It is first necessary to bear in mind the main theses of the Heideggerean (together with Gadamer's, not worrying about the differences between the two) hermeneutics. Most important of all, there is the thesis about the historicity of understandlng-of understanding construed not merely as an epistemological faculty but as an ontological feature of human existence. In view of this ontological thesis, it is not any longer possible to ask, what is the meaning of a, text (as though the meaning were a soul animating the text); what is incumbent is to interpret the text (or a tradition) in the light of one's historical situation. It also follows that since understanding/interpretation is not performed by a transcendental ego but rather by a historically situated Dasein, understanding cannot be presuppositionless, it has to be rather, as Gadamer maintains, from within a tradition, and as belonging to the 'effective historical consciousness' (Wirkunggeschichte) of the text. The historicity of under- standing may, however, be construed in a Hegelian teleological manner-implying that the originary, the primitive, what stands at the beginning, is the less developed, to be overcome by the more developed and the richer. Such an interpretive stance is rejected by Heidegger-for whom, it is at the beginning that the decisive step was taken, which has determined the subsequent course of a tradition. In the case of western thought, this decisive step, at the beginning, was an understanding of Being. According to Mehta, there stands, at the beginning of Indian thought, likewise, the concepts of Atman and Brahman. However, radical questioning requires that we reach back to that beginning, and seek for new possibilities of interpretation of that founding insight.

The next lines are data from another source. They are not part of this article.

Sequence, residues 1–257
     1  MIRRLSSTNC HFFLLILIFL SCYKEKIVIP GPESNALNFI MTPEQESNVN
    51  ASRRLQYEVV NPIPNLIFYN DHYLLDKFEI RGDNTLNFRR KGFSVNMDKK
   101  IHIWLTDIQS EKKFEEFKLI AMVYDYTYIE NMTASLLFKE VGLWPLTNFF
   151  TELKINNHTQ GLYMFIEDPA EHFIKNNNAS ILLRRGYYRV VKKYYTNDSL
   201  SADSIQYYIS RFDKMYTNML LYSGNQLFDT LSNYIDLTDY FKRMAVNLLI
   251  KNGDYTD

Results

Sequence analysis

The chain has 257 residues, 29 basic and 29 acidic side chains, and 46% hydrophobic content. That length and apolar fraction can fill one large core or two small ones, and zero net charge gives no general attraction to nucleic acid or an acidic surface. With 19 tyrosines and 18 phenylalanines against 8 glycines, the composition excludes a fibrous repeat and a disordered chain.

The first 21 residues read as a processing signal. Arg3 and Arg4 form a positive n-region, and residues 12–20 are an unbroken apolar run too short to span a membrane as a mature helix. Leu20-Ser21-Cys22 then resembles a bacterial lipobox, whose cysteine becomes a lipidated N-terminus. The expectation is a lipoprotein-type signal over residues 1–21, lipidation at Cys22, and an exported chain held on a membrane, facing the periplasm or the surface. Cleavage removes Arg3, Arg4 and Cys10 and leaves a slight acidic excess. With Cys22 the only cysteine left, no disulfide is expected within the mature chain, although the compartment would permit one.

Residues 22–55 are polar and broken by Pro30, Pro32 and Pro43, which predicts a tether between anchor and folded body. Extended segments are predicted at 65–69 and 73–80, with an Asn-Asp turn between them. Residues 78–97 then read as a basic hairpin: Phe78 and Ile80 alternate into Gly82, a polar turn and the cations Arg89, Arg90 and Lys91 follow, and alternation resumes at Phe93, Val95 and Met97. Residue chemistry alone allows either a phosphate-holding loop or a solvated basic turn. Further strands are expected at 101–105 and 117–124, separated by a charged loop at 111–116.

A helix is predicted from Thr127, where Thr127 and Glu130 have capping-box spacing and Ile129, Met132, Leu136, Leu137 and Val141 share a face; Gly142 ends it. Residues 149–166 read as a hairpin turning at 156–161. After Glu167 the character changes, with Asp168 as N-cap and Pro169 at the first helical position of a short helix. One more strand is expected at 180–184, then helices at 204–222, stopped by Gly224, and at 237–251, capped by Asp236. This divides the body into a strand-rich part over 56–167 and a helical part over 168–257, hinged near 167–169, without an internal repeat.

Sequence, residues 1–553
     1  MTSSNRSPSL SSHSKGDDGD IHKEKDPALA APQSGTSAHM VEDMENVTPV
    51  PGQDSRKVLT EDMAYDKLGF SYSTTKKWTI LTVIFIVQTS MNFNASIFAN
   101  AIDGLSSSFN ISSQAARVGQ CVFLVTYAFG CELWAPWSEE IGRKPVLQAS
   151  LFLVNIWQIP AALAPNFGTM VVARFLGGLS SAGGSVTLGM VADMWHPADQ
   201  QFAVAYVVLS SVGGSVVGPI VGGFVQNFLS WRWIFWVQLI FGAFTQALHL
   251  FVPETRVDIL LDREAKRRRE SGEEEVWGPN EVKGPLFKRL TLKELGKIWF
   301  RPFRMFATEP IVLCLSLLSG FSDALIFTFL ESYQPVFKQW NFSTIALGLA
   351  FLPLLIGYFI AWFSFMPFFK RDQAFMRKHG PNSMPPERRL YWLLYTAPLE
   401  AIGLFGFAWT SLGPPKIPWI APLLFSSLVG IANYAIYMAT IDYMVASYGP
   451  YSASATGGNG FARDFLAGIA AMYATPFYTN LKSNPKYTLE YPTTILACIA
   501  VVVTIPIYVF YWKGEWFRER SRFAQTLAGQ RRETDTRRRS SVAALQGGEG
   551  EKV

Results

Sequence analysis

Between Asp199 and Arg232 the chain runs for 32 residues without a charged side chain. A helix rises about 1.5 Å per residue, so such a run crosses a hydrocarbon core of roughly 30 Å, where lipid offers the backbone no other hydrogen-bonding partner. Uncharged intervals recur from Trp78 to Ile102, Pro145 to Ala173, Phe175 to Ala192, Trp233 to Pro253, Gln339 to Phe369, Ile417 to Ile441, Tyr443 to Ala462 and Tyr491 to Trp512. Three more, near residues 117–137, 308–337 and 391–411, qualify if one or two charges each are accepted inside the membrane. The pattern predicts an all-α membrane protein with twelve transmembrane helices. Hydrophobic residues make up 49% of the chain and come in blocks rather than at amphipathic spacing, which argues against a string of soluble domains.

If these are the basic Heideggerean hermeneutic principles, we need also to recall Heidegger's attempts to think about the totality of western philosophy, as also about the situation in which mankind seemingly finds itself today. In this connection, Heidegger insists upon some highly controversial theses. Along with Husserl, Heidegger held that philosophy is a western pursuit, that 'western philosophy' is a redundant expression just as 'Indian philosophy' is just a mistaken appellation. Heidegger further held-and in this he was not in Husserl's company-that philosophical thinking (as also metaphysics) has determined the course of western civilization, making possible the rise of modern science and technology. This thinking has been characterized by a subject-object distinction. It has been as much objectifying as subjectivistic and representational. As Heidegger reads it, philosophical- metaphysical thinking reached its final culmination in Nietzsche's Will to Power, in a Nihilism that characterizes contemporary culture, and in modern technology which threatens to destroy mankind. In this sense, we are facing the 'end' of philosophy. At this critical juncture what options are open to us? To us in the West, but more importantly, in the context of J.L. Mehta's concerns, to us in the East?